5. Preparing and Delivering Blended Curriculum
Blended learning models would develop more as a necessity rather than a commercial availability. The school heads will have a challenging task of orienting, preparing and empowering their teachers to the newer pedagogies which focus on developing social consciousness and social construction of knowledge. The kind of sources and resources schools would need might put pressure on the fiscal domain of the school. With time-space constraints liberated, the schools might have to out-reach the learners with learning inputs to facilitate learning choices, learning styles and customized learning inputs. In short, the text-centric learning would get replaced with multiple sources for learning including e-content. Teachers might have to harness the technology to provide realistic learning experiences by empowering themselves with global dynamics in knowledge transfer and knowledge synthesis.
6. Designing Revised Assessment Patterns
With examinations of the Boards in several states being set aside, there will be a huge rethinking on the modus operandi of examinations. More credible, continuous and systematized assessment systems based on technology would be the new guests in the school environment. The need for examinations at the primary level will be re-examined. Focus will shift towards assessing the process of learning rather than assessing the amount of learning. The power of knowledge will be questioned rather than quantum of knowledge. School heads would do well to prepare their mindset for putting in place such changes rather than resisting them on the grounds of fear of success.
7. Enabling New Technological Designs
With students adequately exposed to pedagogy on technology, there will be an implied demand for online learning inputs especially in the context of their providing time-space free learning. The technological environment of the school would possibly have to be reviewed to put in place more fast, more dependable, more accessible and more safe technology. Schools might have to move from simple technology literacy and availability to ‘technology competency’ with current technologies. The storage of information in clouds has to be secured, encrypted and should focus on data protection. With huge possibilities of data leakage of learners by commercial vendors, the school heads would become more accountable to all aspects of technology management. They cannot excuse themselves either for ignorance or for transfer of trust to anyone else in the campus. With artificial intelligence, VR, mixed reality and Augmented Reality impacting the content and pedagogical domains, the schools would be required to invest on future technologies.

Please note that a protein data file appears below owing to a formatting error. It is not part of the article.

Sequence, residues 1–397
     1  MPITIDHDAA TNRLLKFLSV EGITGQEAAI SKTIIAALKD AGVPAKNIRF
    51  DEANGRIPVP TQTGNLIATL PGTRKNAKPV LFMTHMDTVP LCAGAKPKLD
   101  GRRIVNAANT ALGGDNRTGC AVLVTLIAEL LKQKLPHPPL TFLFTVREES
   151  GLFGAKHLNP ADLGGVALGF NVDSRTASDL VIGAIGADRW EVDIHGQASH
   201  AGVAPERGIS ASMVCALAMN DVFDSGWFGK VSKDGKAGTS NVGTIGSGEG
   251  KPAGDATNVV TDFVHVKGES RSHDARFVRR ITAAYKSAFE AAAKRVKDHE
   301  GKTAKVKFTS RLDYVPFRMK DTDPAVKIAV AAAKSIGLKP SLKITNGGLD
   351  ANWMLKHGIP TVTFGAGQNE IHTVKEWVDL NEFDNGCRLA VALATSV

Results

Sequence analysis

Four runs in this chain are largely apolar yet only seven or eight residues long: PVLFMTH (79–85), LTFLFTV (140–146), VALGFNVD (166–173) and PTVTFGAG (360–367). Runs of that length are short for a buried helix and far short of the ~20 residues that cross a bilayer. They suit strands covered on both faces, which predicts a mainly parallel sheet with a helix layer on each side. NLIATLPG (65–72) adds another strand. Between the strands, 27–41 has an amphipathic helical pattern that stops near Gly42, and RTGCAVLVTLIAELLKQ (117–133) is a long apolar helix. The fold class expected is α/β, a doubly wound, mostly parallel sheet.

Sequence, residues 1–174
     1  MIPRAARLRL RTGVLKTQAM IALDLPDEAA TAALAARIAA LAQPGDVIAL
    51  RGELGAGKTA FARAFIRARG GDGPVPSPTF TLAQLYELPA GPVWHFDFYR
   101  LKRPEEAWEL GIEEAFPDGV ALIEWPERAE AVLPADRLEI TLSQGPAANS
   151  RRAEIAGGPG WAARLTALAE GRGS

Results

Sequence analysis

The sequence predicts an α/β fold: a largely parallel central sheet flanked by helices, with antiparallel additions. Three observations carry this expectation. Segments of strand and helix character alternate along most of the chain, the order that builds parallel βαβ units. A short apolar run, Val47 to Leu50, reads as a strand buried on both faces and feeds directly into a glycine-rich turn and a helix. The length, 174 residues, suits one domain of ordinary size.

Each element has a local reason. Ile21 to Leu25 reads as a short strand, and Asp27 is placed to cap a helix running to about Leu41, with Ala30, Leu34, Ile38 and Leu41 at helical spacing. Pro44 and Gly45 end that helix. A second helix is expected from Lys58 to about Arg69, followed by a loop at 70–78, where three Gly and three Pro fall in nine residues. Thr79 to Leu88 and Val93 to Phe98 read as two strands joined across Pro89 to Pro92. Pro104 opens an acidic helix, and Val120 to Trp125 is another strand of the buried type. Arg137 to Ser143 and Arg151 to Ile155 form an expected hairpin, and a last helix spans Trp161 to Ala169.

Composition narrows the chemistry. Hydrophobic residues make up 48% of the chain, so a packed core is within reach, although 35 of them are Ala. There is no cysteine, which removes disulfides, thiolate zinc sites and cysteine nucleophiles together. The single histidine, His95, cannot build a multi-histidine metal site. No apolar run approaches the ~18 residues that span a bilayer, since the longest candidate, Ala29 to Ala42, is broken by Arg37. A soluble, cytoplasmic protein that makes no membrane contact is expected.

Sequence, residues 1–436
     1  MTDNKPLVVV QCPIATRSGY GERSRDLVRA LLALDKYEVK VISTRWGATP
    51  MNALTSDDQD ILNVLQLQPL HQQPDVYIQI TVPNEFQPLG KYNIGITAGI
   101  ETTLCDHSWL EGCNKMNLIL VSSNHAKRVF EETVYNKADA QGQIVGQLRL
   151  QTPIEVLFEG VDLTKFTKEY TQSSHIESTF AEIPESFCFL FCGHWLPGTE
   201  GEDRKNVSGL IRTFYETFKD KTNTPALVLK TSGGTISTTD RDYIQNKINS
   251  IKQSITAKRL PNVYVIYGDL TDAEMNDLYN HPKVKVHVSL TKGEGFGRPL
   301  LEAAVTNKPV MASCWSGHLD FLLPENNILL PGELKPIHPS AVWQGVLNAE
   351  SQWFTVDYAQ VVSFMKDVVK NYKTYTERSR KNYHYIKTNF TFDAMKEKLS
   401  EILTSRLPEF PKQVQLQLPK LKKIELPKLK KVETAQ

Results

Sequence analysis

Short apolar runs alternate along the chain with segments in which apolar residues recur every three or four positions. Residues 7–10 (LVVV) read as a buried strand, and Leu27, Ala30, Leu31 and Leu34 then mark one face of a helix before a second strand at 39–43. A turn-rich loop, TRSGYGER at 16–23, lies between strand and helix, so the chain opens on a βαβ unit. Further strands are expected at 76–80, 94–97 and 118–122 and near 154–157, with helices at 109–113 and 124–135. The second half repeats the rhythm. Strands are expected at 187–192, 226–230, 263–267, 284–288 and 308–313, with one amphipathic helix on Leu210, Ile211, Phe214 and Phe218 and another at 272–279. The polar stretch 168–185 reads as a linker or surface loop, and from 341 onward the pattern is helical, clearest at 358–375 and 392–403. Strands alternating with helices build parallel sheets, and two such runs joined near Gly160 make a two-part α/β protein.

8. Enhancing Teacher Competency
One of the significant challenges school heads would face is to induct competent teaching faculties with skills in appropriate technology. With changing trends in content design for classroom delivery, with new designs for e-content development to facilitate customized learning, with newer pedagogies that demand collaborative and participative learning, with focus on experiential and integrated learning, with newer inputs from neuro-cognitive researchers, there is a visible expansion in the learning domains of the teachers. In order to provide them the requisite leadership, the school heads need to remain always current and competent. Their role as academic leaders would come into play in a significant manner.
9. Restructuring Relationship Management
With the teacher-student relationship having seen new lows, with increasing stress in teacher- parent relationships, the opening of schools would give way for many to let off their steam in one or the other way. The trust systems of the schools might be challenged and questioned. The school heads would find extremely difficult times to put back the school brands in the erstwhile position. Parents who have experienced challenging times either due to health issues or due to professional issues and suffering from fiscal concerns would raise several questions. It would indeed take quite a time for the schools to get out of this rough weather. The school heads need to hold their cool and patience. Their emotional intelligence will have a large use in the coming days.
10. Managing Fiscal Concerns
Though management of fiscal concerns is not a primary issue of the school heads in many schools, as there are other management representatives or administrators looking after them, the decline in financial inputs to schools might bring increasing conflict between managements and the principal. In some cases, school heads would find themselves in extreme stress to handle such situation leading to psychological depression and low self-esteem. With inadequate money available on hand for quality improvement of existing concerns, they may also find it difficult to infuse goodwill and trust among the staff under them. However, such issues may not last more than one year under the prevailing circumstances.
Well, over and above all these challenges, one of the biggest challenges the school heads might face is to be always on the defending mode to all the questions being raised by the beauacracy with a suspicious eye and the urgency to demonstrate the power.
The objective of highlighting these concerns is only to sensitize the school heads and prepare their minds and skills with a deep understanding of the prevailing issues.